Consumer card spending grew just 4.3 per cent year-on-year in April – less than half the latest CPIH inflation rate of 8.9 per cent but slightly higher than March (4.0 per cent) – as rising costs continue to place pressure on Brits’ finances. However, the arrival of spring and the Easter Bank Holiday weekend fuelled growth at pubs and sports & outdoor retailers, while ticket sales for the Eurovision Song Contest in Liverpool boosted the entertainment sector.
Spending on groceries increased 5.5 per cent, yet this was significantly lower than the latest ONS food price inflation rate (19.2 per cent) and smaller than March’s growth (7.1 per cent). This comes as nearly nine in 10 shoppers (89 per cent) say they are concerned about the impact of rising food prices on their household finances, while 67 per cent are looking for ways to reduce the cost of their weekly shop.
Popular money saving methods adopted by these shoppers include buying discounted products nearing expiration, aka “yellow sticker” items (38 per cent), and using vouchers or loyalty points to get money off at the checkout (37 per cent). In addition, almost seven in 10 (69 per cent) have been making product “swaps” to save money recently, with over a quarter (27 per cent) shifting from supermarket own-brand premium ranges to standard or value ranges, and a similar proportion (24 per cent) swapping fresh food for frozen food.
Spending on utilities saw less of a year-on-year uplift (34.4 per cent) compared to March (39.3 per cent), largely due to the energy price cap increase in April 2022. A year on from this energy price hike, Brits’ concern around the impact of rising household bills remains high at 90 per cent, leading over half (55 per cent) of Brits to reduce their discretionary spending to cope with the squeeze.
Despite this, spending on non-essential items saw higher year-on-year growth in April (4.6 per cent) than in March (3.5 per cent), as the Easter weekend and arrival of spring encouraged more Brits to enjoy social and outdoor activities. This led to a return to growth for sports & outdoor retailers (+0.6 per cent in April vs -4.5 per cent in March), as well as a boost for bars, pubs & clubs which saw a slightly larger uplift (3.7 per cent) than in March (3.2 per cent).
However, restaurants saw a steeper drop (-7.6 per cent) than in March (-5.6 per cent), while clothing remained in decline (-2.3 per cent) for the third month in a row. This is likely because new clothes and accessories and eating out at restaurants (both 60 per cent) are the most popular areas for cutbacks by Brits who are reducing their discretionary spending to cope with rising household bills (55 per cent).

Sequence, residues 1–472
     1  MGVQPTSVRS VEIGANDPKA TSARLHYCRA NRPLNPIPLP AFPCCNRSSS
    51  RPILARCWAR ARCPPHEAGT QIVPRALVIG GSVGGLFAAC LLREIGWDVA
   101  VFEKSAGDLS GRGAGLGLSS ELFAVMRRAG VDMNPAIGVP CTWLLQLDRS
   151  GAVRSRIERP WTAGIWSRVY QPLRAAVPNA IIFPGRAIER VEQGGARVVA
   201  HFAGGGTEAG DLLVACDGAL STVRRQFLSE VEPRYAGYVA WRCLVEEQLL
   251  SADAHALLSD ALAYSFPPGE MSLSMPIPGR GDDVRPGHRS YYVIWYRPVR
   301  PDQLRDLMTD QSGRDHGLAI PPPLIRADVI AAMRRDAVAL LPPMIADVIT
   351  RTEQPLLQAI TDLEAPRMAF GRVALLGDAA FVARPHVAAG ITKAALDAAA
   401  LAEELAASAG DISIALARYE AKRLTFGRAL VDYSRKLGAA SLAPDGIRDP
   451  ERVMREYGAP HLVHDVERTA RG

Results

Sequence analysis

Elsewhere, spending on entertainment enjoyed a sizeable year-on-year uplift (12.0 per cent), largely driven by ticket sales for concerts and shows including the upcoming Eurovision Song Contest in Liverpool, as well as families looking for more ways to entertain their children during the Easter half-term holiday. This is in addition to demand for entertainment generally being higher now than in April 2022, when the impact of Covid-19 was still hampering the sector.
At-home entertainment and “insperiences” also saw increased demand – digital content and subscriptions saw its largest rise since September 2021 (8.6 per cent), and fast food increased 9.0 per cent as Brits treated themselves to a night in with a boxset and a takeaway.
Despite ongoing inflationary pressures, Brits are still keen to book holidays to look forward to later in the year, with spend on airlines rising 32.1 per cent year-on-year – a slight uplift compared to March (28.5 per cent).
Consumers are feeling noticeably more confident in their household finances and ability to spend on non-essential items (67 per cent and 56 per cent respectively), compared to last month (59 per cent and 48 per cent respectively). Meanwhile, optimism in the future of the UK economy has also increased to 25 per cent, up two percentage points on March.
Esme Harwood, Director at Barclays, said: “The arrival of slightly warmer weather, along with the Easter Bank Holiday weekend, led to more Brits venturing outside to enjoy social and leisure activities in April.
“Entertainment received a boost, as music fans rushed to book tickets to the Eurovision Song Contest in Liverpool. Meanwhile, Brits are still searching for ways to reduce spend on essentials, so they can enjoy experiences such as holidays, shows and concerts.”
Abbas Khan, UK Economist at Barclays, said: “High inflation continues to squeeze real household disposable incomes and constrain consumption. However, this has been somewhat offset by the decline in wholesale energy prices and the price cap on household energy bills, which are contributing to an improvement in consumer confidence.”
“The data suggests that pockets of the economy, particularly the leisure sector, enjoyed some renewed momentum in April. Going forward, while energy bills are set to fall from Q3, higher mortgage rates cloud the outlook as households continue to refinance at significantly higher rates through the year.”